However, because alcohol can impact this part of the brain, it can also change how the brain communicates with itself and the body. This is like other substances, including opioids or illicit drugs, that can alter brain chemistry.3

Is Alcohol Addictive?

As a result of how prolonged alcohol consumption can interact with the neurotransmitters in the brain, alcohol can be extremely addictive. The body can adapt to these changes in the brain the alcohol causes. While stopping infrequent drinking may not lead to any effects, you can expect the body to undergo alcohol withdrawal symptoms when you stop drinking.4

These withdrawal symptoms should not be taken lightly, and it is important to recognize them in order to know when it is necessary to pursue treatment.

Alcohol Withdrawal Symptoms

As mentioned above, frequent alcohol use can change how the brain interacts with the rest of the body. This means that the body will become more adapted to the relaxed state that alcohol can create. As a result, when you stop drinking, the body will begin to go back to its natural state, which is known as detoxification. Detoxification, or detox, can be an uncomfortable period due to alcohol withdrawal symptoms, which are the result of the body reverting to its natural brain chemistry.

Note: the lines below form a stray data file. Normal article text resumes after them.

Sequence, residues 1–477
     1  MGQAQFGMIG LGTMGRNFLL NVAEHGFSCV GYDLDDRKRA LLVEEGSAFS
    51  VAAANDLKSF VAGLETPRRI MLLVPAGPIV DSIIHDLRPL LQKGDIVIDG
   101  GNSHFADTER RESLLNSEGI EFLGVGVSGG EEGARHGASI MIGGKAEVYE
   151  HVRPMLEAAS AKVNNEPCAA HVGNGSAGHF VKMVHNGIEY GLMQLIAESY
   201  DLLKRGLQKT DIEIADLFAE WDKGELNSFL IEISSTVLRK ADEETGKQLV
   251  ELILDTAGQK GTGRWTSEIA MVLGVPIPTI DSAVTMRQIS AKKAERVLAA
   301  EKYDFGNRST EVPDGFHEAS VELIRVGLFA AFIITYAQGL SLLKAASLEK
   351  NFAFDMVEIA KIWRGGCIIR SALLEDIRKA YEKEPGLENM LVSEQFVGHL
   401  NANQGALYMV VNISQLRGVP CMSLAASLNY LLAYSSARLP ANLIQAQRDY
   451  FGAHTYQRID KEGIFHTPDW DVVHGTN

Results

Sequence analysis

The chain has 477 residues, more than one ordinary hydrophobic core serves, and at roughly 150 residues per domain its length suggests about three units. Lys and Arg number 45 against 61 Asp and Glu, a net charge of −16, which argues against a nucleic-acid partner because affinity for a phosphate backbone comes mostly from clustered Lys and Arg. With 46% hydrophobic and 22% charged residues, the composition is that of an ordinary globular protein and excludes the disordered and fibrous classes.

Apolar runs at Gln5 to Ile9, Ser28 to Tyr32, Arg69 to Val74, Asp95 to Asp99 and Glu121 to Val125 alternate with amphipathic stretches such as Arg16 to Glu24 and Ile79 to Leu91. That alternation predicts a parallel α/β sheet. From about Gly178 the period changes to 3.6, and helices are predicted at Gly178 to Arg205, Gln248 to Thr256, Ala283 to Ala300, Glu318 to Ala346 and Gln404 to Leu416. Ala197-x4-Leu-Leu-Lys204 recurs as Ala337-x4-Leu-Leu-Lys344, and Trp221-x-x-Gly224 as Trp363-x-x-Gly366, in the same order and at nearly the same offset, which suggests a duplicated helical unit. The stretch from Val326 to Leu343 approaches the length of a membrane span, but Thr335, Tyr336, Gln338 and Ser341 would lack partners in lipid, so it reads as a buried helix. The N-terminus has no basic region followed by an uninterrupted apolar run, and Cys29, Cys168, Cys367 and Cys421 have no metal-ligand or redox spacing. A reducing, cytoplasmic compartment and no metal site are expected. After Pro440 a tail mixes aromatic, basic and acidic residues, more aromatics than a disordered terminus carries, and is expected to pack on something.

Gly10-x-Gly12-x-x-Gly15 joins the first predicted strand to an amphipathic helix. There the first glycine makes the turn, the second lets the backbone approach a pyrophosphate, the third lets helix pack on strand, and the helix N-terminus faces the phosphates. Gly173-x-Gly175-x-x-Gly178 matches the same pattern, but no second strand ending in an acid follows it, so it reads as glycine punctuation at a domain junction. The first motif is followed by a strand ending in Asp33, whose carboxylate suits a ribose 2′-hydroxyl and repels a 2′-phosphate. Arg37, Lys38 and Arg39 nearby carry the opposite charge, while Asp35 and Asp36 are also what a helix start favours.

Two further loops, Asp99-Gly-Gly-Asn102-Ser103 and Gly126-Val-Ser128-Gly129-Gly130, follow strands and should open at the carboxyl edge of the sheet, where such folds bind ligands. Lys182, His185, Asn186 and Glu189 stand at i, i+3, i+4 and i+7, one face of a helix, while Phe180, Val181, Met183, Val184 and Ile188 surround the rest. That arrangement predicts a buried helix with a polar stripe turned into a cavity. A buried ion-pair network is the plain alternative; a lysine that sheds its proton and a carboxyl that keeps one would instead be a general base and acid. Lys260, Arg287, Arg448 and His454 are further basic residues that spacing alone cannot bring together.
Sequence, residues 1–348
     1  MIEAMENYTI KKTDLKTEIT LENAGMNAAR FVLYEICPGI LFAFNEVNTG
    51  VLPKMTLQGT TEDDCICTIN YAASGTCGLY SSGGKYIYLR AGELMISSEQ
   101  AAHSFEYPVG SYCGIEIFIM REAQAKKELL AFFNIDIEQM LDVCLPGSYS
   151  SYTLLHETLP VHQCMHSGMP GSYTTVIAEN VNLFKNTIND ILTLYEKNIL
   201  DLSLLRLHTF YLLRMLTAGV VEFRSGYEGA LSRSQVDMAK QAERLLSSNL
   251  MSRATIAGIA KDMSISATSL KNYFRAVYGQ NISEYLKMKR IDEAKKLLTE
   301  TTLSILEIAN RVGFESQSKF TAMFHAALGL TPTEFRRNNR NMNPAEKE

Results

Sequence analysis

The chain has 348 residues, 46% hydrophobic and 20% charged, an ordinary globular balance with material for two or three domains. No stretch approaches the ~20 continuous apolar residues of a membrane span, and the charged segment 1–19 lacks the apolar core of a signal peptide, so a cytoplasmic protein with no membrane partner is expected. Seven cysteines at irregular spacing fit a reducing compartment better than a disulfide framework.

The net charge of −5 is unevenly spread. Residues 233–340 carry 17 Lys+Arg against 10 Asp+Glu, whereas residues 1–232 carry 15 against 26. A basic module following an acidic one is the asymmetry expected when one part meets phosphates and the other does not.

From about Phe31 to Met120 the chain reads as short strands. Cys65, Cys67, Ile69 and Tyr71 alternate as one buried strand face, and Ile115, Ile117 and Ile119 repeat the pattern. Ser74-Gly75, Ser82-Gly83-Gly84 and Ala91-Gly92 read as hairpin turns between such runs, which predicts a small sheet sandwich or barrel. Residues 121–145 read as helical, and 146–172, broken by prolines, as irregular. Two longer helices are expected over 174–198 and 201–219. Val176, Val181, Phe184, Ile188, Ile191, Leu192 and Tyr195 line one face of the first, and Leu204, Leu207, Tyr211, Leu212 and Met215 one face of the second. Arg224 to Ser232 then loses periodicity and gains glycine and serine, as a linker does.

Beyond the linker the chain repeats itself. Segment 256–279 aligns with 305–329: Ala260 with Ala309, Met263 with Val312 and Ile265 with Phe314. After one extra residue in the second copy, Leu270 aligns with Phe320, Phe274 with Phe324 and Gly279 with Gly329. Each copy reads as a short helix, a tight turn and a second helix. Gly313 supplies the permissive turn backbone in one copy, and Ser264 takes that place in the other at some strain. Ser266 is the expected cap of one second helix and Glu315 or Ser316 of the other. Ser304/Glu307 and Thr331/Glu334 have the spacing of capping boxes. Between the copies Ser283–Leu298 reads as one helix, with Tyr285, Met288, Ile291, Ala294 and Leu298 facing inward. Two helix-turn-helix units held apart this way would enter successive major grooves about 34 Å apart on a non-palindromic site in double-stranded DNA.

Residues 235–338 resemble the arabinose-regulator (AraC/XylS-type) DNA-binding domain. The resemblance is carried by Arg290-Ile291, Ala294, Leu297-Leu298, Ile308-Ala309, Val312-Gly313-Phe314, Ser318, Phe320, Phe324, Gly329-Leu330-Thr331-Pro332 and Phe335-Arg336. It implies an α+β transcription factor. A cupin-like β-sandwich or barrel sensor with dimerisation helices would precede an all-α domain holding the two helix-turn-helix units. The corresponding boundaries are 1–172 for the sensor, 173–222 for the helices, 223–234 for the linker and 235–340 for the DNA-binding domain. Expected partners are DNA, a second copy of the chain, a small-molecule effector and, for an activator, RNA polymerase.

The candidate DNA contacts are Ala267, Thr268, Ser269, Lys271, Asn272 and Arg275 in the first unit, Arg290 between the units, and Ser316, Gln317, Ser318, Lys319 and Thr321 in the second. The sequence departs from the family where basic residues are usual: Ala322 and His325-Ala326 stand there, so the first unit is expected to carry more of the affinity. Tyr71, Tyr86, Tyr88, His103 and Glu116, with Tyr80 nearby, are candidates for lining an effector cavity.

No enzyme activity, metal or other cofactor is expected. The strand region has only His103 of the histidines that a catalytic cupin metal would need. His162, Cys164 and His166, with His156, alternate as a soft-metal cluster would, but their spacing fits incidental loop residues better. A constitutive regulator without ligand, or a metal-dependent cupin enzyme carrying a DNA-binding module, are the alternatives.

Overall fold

Indications of Alcohol Withdrawal

Although withdrawal can be uncomfortable, it is a necessary part of recovery from an alcohol use disorder. Some of the alcohol withdrawal symptoms that may be experienced include:

  • Anxiety
  • Depression
  • Shaky hands
  • Nausea and vomiting
  • Sweating
  • Difficulty sleeping
  • Psychological cravings.

How to Stop Drinking Alcohol Yourself

If alcohol use is causing negative life changes, it is important to learn how to stop drinking. Although there are professional services available, which will be discussed in more detail further below, there are some steps you can take on your own, including: